Companies That Offer Employer Student Loan Repayment

Employers are increasingly offering student loan repayment as an employee benefit, which can help speed up the payoff process.

Anna HelhoskiJuly 2, 2018

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Only about 4% of companies offer employer-sponsored student loan repayment benefits, according to the 2018 Employee Benefits Report, a survey by the Society for Human Resource Management (SHRM).

Student loan borrowers who get an employer's student loan repayment benefit, and can make extra payments, will pay off their debts faster and pay less in interest.

Consider this: A student loan borrower with $27,000 in loans at an interest rate of 5% who pays $286 a month will be debt-free in 10 years and pay $7,320 in interest. But with $100 a month from an employer’s student loan repayment benefit added to the loan payment, the borrower shaves off over three years of payments and saves $2,282 in interest.

Employers are increasingly responding to the needs of an indebted workforce by offering student loan repayment as a benefit. Employers that offer the benefit often use companies like IonTuition or Gradifi, and offer a monthly benefit — typically about $100 — over a certain number of years, or up to a lifetime maximum.

Here’s what student loan repayment benefits look like at 10 major U.S. companies:


Industry: Insurance

Benefit details: Full-time employees: match up to $2,000 per year, with a $10,000 lifetime maximum. Part-time employees: match up to $1,000 per year, with a $5,000 lifetime maximum.


Industry: Marketplace lending

Benefit details: $1,200 per year, until the loan is paid off.

Estee Lauder

Industry: Skin care and makeup

Benefit details: $100 per month, with a lifetime maximum of $10,000.

Fidelity Investments

Industry: Financial services

Benefit details: $2,000 per year, with a lifetime maximum of $10,000.


Industry: Events promotion

Benefit details: $100 per month, or $1,200 per year, with a lifetime maximum of $6,000.

Natixis Global Asset Management

Industry: Asset management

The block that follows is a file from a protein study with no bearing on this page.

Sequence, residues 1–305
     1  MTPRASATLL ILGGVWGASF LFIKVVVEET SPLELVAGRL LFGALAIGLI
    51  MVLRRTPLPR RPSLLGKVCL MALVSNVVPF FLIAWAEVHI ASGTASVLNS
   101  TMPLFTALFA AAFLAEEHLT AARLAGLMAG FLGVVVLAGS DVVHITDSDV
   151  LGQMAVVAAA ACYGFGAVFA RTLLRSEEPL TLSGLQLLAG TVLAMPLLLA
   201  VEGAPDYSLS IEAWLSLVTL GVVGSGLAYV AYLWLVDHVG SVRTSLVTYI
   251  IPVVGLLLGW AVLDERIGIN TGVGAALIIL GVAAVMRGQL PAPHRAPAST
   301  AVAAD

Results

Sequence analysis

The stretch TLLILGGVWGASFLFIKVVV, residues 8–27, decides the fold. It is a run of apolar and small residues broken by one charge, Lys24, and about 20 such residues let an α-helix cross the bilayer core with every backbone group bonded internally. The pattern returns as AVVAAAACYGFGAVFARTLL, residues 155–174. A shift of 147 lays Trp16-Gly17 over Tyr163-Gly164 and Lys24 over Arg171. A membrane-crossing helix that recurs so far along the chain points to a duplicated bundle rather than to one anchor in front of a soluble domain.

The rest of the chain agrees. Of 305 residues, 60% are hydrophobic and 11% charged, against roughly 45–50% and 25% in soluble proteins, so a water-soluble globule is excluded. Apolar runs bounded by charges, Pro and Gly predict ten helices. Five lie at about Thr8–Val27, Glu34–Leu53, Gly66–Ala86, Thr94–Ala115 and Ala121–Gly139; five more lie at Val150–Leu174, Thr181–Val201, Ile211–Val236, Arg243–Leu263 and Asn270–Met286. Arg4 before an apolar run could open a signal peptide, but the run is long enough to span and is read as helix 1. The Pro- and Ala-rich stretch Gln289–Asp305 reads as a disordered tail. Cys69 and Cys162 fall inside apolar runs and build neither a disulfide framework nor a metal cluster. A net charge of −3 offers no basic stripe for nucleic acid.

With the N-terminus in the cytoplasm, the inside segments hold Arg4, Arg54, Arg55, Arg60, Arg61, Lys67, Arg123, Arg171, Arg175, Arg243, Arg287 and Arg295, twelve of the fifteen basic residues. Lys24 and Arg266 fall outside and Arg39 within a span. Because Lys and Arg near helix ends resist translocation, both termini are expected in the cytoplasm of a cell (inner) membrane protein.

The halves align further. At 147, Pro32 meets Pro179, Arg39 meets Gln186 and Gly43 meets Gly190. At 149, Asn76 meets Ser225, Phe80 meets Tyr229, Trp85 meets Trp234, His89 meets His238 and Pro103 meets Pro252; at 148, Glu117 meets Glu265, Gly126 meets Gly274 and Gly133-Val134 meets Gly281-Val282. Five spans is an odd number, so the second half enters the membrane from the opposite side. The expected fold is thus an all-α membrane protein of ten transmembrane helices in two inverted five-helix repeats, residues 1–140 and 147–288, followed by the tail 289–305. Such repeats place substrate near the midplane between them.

Benefit details: $1,000 annual benefit — up to $83.33 per month, for a lifetime maximum of $10,000 over 10 years.


Industry: Technology

Benefit details: Recent graduates (within the last three years) can apply for reimbursement of $6,000 each year to help repay student loans, up to $30,000.

Penguin Random House

Industry: Publishing

Benefit details: $100 per month, up to $9,000 for up to 7.5 years.


Industry: Professional services

Benefit details: $100 per month, or $1,200 per year, for up to six years.


Industry: Office supply retail

Benefit details: $100 per month for 36 months.

How to assess employee benefits

Student loan repayment is still rare compared with other benefits like health insurance and retirement match programs. Its availability is on par with benefits like a carpooling subsidy (4%) and even less common than a perk such as pet health insurance (11%), according to the SHRM survey.

When you’re offered a job or are comparing employers, experts say to look at the entire benefits package and weigh what will affect your life most.

“If an employer does not provide student loan repayment, my advice is not to let that be a disincentive from joining that employer,” says Chatrane Birbal, director of congressional affairs for health and employee benefits policy at SHRM. An employer may not offer student loan repayment, but they could offer other valuable benefits.

Benefits like educational stipends are more common to find and can further your earning potential, without adding to your debt. More than half of employers who responded to the SHRM survey provide educational assistance for schooling, compared with a small fraction who have student loan repayment.